In the Garden:
Northern California Coastal & Inland Valleys
August, 2001
Regional Report

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175

Use a water wand to break the force of the flow of water.

Watering The Right Way

I've noticed most people don't know how to water the garden. I watch in horror as people use "gun nozzles" to water, washing soil away from plant roots. Gun nozzles are more useful for water gun fights or car washes than watering your plants. Here along the coast, we don't get any rain from about May until November. If you want your plants to thrive, you need to know how provide water correctly.

How Much To Water

To water correctly, the water needs to reach down to the roots. How often you water depends on the soil type, whether it's been windy, hot, or cool. Plants use more water when it's been windy or hot, less when the temperatures are cool.

You'll know if you aren't watering enough by looking at your plants. Vegetables will be tough, lettuce will be bitter, and fruit trees will drop their blossoms without setting fruit if they're allowed to dry out between watering. Poor watering habits will stunt plant growth and, at the very least, cause brown tips on the leaves. Always check the soil with your fingers before watering. If it's dry to the touch, then water. If it feels damp, wait.

When to Water

The best time to water depends on the type of plant. For well established plants, water in early morning or evening. By watering in the morning or evening, the plant has a chance to take up the water without it evaporating before they can utilize it. New plantings don't have established roots. Water in the morning so the moisture will be available during the daylight hours when plants actively need the moisture. Plants need to have water available during the hottest part of the day to prevent them from wilting, but it's also important not to over water young plants. If you damage roots with too much water, they won't be able to take up any moisture, no matter how much you provide.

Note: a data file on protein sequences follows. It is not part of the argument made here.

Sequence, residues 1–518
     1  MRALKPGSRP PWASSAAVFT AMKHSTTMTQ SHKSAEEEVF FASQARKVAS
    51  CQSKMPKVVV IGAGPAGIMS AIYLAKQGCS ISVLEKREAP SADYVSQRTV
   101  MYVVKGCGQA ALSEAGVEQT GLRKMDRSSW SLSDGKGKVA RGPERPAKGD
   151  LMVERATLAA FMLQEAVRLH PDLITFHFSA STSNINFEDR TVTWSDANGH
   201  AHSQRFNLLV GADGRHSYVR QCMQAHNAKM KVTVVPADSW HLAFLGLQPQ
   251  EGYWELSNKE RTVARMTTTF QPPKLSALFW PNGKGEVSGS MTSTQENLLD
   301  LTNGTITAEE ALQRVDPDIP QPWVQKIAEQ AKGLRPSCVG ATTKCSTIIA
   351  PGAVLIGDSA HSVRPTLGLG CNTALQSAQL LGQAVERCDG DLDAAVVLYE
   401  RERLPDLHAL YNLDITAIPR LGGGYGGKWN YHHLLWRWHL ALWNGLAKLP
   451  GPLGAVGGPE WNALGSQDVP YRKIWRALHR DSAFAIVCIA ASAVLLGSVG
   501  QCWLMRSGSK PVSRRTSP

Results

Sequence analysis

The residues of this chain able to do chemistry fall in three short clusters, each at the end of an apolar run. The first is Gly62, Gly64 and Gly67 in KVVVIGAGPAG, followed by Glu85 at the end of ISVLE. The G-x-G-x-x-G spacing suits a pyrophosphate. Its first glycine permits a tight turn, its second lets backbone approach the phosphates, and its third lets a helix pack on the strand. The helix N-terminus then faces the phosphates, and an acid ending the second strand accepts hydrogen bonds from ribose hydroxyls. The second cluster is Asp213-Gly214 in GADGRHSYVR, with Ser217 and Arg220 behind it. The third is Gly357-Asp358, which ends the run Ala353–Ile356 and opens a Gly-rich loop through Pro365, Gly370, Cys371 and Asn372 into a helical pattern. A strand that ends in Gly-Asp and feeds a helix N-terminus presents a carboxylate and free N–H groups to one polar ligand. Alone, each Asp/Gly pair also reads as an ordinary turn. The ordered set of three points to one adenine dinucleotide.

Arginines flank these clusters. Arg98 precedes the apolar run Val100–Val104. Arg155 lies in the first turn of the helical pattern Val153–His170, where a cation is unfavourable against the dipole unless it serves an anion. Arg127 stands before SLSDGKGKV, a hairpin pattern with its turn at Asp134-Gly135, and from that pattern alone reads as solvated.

Also, supply ample amounts of water during the regular rainy period if there is a drought. Some plants in our region rely on winter rains for most of their moisture needs. You can take the roll of Mother Nature if the winter rains fail to arrive.

Wind and Water

If you live in a very windy area, try to do your watering before the wind starts blowing. Wind is very drying and will rob moisture from foliage. If you have an automatic irrigation system, a strong wind may carry the water far from its intended location.

Avoid Overhead Watering

Water the soil, not the plant. In other words, don't water overhead. Use a water wand or gentle bubbler head and keep it near the ground. Don't wash the soil away from the roots by using a strong jet of water. If you don't have a bubbler available, use a rubber band to wrap an old sock around the end of the hose to break the force of the water flow. For irrigation systems, use low flow sprinklers so the water has time to soak into the soil instead of running off the surface.

Mulch

Use mulch to prevent moisture loss and keep the soil surface and plant roots cool. Water deeply to encourage roots to follow the water into the soil to meet the natural moisture levels.


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